How Remarkable is the Netflix Move into Streaming?

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In the discussion on Groupon and Price Discrimination, commenter Chris365 said "What is acutally surprising to me is that who ever runs 'Value Pak' or whatever brand has been so dismally negligent with both vendors and consumers that they didn't start offering online coupon-emailing services sooner."  To which Bronx Cobra replied:

"The transition from buggy whips to starter motors? Has that ever happened in the annals of business?"


My instant response was "Netflix".  BronxCobra is right that most companies are more like Blockbuster--they refuse to change to new technologies because they don't want to risk cannibalizing their current sales.  By the time they're forced to change, it's usually far too late--as Blockbuster's bankruptcy shows.

But Netflix made a bold move: they moved to online streaming even though their core business was doing very well.  And even more boldly, they built up some very expensive streaming capability ($115 million on streaming rights just in the 3rd quarter of 2010), but didn't try to charge customers extra for it.  This is pretty remarkable.

Or is it?  The obvious rejoinder is that Netflix benefits when its customer base moves to streaming instead of mail.  Netflix sends its DVDs by bulk mail, so I don't know exactly how much it spends per movie, but the total spend on postage is somewhere north of $600 million.  Meanwhile, the bandwith costs to stream a movie are considerably lower than postage, about $0.05 to $0.10 by one estimate, which is well below any per-piece bulk rate that I'm aware of.  So just getting its customers to consume fewer physical DVDs is probably a money-saver.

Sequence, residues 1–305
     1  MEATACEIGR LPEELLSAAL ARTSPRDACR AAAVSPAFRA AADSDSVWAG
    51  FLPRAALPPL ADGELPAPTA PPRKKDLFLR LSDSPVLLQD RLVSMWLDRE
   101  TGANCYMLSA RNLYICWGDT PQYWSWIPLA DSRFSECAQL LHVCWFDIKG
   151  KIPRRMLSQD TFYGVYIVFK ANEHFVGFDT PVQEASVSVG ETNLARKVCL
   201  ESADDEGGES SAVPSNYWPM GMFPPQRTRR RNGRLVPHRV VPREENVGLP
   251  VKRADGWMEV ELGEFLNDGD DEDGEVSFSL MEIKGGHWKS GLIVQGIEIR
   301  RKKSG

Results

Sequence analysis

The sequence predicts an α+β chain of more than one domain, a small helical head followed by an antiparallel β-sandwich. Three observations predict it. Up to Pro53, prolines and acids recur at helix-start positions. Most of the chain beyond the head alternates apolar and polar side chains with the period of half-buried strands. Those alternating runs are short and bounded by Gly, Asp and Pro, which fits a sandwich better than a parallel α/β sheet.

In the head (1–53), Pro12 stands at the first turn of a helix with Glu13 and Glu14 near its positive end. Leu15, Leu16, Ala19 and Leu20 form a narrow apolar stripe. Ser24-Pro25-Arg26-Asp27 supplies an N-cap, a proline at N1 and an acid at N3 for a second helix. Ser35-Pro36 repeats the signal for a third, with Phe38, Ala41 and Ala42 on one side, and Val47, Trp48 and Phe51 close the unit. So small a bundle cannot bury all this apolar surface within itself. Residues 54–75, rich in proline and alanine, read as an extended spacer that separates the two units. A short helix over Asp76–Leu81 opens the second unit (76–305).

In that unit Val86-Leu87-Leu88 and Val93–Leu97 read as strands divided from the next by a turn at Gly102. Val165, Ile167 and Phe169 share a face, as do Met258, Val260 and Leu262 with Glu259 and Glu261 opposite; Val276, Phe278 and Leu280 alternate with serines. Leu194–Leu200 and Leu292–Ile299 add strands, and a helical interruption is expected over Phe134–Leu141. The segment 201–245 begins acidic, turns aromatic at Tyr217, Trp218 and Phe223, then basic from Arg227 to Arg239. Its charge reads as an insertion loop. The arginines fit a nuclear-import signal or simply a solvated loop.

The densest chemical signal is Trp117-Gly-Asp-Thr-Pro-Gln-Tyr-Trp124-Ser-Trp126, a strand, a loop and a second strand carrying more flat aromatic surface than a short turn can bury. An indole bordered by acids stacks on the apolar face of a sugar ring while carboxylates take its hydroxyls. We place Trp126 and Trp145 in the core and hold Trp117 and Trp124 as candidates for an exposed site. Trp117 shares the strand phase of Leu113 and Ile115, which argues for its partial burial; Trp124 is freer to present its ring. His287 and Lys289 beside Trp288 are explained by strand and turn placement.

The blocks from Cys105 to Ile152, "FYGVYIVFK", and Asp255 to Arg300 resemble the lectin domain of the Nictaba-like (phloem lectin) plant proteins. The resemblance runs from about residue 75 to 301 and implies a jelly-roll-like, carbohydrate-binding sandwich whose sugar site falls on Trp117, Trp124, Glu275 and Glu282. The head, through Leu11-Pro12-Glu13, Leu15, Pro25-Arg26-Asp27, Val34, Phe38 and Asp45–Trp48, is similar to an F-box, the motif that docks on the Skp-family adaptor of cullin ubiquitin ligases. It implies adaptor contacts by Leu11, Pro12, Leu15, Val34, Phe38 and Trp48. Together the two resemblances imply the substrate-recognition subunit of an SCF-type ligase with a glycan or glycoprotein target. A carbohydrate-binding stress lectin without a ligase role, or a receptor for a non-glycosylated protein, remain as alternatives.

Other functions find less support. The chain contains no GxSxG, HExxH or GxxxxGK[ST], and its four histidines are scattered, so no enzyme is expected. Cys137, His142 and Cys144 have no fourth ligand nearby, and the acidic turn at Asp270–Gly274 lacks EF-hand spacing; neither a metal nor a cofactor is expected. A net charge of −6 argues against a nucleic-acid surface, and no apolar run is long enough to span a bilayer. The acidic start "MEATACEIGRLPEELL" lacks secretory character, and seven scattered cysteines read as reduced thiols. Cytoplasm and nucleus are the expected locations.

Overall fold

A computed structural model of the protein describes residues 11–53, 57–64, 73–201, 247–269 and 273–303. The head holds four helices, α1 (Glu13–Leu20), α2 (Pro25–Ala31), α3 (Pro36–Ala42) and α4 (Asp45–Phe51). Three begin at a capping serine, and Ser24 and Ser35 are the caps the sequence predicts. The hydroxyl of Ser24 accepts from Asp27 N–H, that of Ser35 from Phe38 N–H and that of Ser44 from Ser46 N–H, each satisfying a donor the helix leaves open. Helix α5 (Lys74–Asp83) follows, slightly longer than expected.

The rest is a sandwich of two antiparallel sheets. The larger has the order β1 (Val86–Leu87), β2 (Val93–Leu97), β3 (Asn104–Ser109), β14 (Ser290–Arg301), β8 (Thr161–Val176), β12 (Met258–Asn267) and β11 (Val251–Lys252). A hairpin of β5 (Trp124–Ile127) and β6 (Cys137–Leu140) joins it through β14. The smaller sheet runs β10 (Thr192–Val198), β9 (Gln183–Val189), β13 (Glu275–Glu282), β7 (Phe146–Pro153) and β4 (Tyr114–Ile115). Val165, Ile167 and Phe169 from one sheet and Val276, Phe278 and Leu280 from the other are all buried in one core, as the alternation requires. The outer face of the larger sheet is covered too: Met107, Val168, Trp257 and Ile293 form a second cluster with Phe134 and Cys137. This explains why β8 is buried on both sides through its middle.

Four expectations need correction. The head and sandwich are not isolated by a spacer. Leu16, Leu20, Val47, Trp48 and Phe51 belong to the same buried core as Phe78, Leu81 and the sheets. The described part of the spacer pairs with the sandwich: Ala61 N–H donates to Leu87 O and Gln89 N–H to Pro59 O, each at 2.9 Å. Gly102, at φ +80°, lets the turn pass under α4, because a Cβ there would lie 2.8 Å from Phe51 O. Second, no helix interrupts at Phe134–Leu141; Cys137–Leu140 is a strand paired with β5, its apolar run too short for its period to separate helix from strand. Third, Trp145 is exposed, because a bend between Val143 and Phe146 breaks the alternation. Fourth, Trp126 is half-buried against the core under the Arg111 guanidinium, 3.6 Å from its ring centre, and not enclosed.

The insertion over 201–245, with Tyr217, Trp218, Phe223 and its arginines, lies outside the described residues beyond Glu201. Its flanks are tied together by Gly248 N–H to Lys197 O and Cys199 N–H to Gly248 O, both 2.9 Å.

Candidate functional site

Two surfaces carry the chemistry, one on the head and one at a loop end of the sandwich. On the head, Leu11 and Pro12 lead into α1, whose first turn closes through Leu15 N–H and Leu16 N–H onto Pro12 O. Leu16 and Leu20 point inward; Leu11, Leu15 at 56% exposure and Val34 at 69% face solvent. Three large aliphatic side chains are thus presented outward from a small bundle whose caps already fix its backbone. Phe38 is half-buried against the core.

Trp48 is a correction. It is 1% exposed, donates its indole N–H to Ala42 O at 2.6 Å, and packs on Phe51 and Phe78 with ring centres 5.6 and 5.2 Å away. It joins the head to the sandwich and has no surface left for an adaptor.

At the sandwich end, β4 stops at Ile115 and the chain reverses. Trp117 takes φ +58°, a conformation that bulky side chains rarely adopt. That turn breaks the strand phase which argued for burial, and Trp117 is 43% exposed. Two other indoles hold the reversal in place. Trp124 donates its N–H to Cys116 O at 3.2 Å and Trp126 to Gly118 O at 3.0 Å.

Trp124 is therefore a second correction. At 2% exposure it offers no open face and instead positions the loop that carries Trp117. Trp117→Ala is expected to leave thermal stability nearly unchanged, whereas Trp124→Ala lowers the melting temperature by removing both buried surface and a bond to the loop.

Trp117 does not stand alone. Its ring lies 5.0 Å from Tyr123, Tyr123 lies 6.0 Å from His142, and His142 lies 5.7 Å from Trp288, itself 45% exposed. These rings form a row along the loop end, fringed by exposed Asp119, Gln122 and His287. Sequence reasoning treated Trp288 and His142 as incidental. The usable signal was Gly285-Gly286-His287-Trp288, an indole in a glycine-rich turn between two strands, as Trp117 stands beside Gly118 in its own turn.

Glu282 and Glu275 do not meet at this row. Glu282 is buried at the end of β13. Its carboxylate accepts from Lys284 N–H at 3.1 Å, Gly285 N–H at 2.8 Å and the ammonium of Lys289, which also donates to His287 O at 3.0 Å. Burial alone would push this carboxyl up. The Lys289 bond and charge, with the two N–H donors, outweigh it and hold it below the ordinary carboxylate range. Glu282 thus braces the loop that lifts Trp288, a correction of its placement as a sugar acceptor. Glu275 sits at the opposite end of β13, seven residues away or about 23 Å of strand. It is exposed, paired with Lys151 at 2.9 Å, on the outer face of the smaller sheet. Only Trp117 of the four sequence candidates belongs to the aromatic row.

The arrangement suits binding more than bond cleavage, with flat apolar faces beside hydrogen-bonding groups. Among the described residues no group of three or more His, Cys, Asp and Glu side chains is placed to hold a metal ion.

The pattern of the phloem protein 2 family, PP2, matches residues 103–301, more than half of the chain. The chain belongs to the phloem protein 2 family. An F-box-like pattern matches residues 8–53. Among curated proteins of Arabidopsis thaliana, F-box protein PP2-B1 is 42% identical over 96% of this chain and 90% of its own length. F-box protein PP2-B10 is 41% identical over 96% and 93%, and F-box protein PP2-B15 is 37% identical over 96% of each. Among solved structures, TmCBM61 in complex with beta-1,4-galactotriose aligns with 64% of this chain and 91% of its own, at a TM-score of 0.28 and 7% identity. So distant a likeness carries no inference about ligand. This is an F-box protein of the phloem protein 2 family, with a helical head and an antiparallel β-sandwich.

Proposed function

Yes but . . .  developing streaming still imposed substantial costs.  As long as customers are still ordering DVDs, Netflix still needs to maintain an expensive network of warehouses and physical movies.  And a lot of people are still ordering those DVDs, either because they don't have a computer hooked up to their large TV, they don't have sufficiently fast internet, or they want to watch the first-run movies or television shows that Netflix has still been unable to license for streaming.

That means that streaming capacity still represented a big added expense, with an unclear payoff.  Netflix did it anyway, first and best, in order to prevent its sales from being cannibalized.  It's maybe not quite as impressive as giving up buggy whips to manufacture automobiles.  But it's rare enough to nonetheless be worth remarking upon.
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Megan McArdle is a columnist at Bloomberg View and a former senior editor at The Atlantic. Her new book is The Up Side of Down.

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